News outlets spread information about the coronavirus, not fear

Image by: Tessa Warburton

Contrary to popular belief, North American journalism about COVID-19 and its impacts isn’t sensationalism or fearmongering. It shows that reporters are doing their jobs to share information and accountability with the public.

At a press conference last week, US President Donald Trump accused a reporter of coronavirus sensationalism. Other high-profile figures such as R. R. Reno, the editor of a conservative religious journal, have also claimed the media conspires with public health officials to “heighten the atmosphere of crisis.”

Journalists are fulfilling their jobs by reporting on the unsettling reality of the virus and its spread. Accusing them of doing otherwise only generates more fear and division within our communities. It also pushes people to believe unverified sources instead of reputable news outlets.

Journalism’s primary responsibility is to keep the public informed by providing accurate and  unbiased news. This includes reporting on what COVID-19 symptoms to look for, what vulnerable populations are most at risk, and the rising number of cases reported by health officials. This information helps the public monitor their own health and warn them of the virus’ severity while encouraging the importance of self-isolation.

People are scared by COVID-19 news stories because we’re living in a frightening and uncertain time, but that fear shouldn’t be focused on the news itself.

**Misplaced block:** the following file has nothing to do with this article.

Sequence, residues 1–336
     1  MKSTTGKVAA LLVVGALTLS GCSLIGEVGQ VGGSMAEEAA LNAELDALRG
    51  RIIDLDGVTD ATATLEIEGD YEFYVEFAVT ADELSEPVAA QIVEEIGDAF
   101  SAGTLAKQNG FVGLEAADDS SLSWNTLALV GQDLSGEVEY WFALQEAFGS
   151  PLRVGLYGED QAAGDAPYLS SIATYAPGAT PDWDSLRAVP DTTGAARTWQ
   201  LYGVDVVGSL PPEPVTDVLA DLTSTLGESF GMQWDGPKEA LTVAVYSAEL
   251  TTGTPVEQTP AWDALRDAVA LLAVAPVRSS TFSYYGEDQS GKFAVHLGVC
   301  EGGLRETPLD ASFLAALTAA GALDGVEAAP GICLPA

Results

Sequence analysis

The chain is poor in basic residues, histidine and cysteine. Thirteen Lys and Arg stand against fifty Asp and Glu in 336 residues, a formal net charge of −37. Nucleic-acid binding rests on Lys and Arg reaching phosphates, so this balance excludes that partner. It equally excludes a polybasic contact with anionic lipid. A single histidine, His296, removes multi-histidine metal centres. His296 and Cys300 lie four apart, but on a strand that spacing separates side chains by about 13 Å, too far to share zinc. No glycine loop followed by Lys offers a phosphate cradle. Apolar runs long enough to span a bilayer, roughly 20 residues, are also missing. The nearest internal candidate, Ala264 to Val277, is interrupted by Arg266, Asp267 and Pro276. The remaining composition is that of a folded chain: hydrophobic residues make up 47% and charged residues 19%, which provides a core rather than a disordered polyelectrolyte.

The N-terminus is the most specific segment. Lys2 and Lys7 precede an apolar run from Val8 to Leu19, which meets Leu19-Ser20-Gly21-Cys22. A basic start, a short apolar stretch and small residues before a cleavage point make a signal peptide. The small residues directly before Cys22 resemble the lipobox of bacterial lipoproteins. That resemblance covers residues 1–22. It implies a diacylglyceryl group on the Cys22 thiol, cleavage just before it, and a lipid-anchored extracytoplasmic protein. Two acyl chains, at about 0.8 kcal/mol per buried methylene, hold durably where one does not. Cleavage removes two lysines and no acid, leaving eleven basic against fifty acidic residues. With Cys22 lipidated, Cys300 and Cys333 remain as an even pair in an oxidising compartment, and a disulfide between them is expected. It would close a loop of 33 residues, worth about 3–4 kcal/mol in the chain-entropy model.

Fear is natural, but it’s better to be informed enough to take necessary precautions against the virus than to be oblivious to its dangers. At the moment, staying informed and following public health recommendations is the best way to keep yourself—and others—safe.

By accusing the media of sensationalizing COVID-19, influential political figures like Donald Trump perpetuate a damaging rhetoric that journalists aren’t trustworthy. This pushes people toward alternative, disreputable sources with dangerous consequences. A man in Arizona died after taking chloroquine, a drug that President Donald Trump claimed was a potential COVID-19 treatment, though the FDA hasn’t approved the drug to treat the disease. 

Instead of believing conspiracy theories about the media, people need to hold politicians accountable to the facts. Do your research—reputable sources will cite numbers and public health recommendations that can easily be fact-checked.

Watching the endless COVID-19 news cycle can be exhausting, and it’s important to carve out time to turn away from the news and take a mental break. But it’s equally important to stay informed when you have the mental capacity to do so. 

In North America, we’re privileged to have a free press. Instead of taking that for granted and blaming the media for our fear, stay informed. 

News outlets are our best source of information about the virus—so take advantage of them.

Chloe is one of The Journal’s copy editors. She’s a third-year English student.


coronavirus, Journalism

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